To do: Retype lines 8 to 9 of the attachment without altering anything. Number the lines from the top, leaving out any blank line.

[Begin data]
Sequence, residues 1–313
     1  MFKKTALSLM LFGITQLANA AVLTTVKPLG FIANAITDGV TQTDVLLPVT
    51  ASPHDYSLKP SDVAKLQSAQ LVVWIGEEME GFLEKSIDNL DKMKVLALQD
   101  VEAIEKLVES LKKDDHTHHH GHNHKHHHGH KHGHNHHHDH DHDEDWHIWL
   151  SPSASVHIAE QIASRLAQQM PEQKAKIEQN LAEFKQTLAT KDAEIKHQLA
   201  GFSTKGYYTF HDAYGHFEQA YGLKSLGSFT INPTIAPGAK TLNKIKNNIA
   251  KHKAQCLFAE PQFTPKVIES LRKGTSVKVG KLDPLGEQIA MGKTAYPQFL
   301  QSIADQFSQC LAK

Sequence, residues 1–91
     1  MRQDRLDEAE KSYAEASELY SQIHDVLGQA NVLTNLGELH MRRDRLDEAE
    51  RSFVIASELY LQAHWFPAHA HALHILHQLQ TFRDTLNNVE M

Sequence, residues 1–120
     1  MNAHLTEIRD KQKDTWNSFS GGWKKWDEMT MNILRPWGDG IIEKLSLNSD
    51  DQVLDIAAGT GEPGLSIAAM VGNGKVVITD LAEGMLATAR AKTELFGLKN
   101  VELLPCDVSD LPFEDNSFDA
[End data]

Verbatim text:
   301  QSIADQFSQC LAK

Sequence, residues 1–91